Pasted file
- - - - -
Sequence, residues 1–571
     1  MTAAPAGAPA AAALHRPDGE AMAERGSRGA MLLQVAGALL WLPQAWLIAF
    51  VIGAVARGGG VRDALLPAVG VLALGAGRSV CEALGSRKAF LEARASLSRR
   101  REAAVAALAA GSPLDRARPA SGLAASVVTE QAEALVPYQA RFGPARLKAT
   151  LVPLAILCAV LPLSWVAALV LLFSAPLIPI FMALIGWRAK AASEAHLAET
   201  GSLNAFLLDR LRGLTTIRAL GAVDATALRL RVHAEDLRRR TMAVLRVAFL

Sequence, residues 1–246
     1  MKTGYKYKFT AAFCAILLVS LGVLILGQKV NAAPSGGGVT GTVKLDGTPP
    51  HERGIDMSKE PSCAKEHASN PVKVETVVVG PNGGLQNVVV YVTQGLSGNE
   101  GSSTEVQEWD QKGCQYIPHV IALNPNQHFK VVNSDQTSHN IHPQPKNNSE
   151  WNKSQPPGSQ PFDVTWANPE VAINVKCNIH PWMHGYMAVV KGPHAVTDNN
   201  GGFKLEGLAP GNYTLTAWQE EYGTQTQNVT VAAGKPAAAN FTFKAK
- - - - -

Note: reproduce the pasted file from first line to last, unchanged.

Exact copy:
Sequence, residues 1–571
     1  MTAAPAGAPA AAALHRPDGE AMAERGSRGA MLLQVAGALL WLPQAWLIAF
    51  VIGAVARGGG VRDALLPAVG VLALGAGRSV CEALGSRKAF LEARASLSRR
   101  REAAVAALAA GSPLDRARPA SGLAASVVTE QAEALVPYQA RFGPARLKAT
   151  LVPLAILCAV LPLSWVAALV LLFSAPLIPI FMALIGWRAK AASEAHLAET
   201  GSLNAFLLDR LRGLTTIRAL GAVDATALRL RVHAEDLRRR TMAVLRVAFL

Sequence, residues 1–246
     1  MKTGYKYKFT AAFCAILLVS LGVLILGQKV NAAPSGGGVT GTVKLDGTPP
    51  HERGIDMSKE PSCAKEHASN PVKVETVVVG PNGGLQNVVV YVTQGLSGNE
   101  GSSTEVQEWD QKGCQYIPHV IALNPNQHFK VVNSDQTSHN IHPQPKNNSE
   151  WNKSQPPGSQ PFDVTWANPE VAINVKCNIH PWMHGYMAVV KGPHAVTDNN
   201  GGFKLEGLAP GNYTLTAWQE EYGTQTQNVT VAAGKPAAAN FTFKAK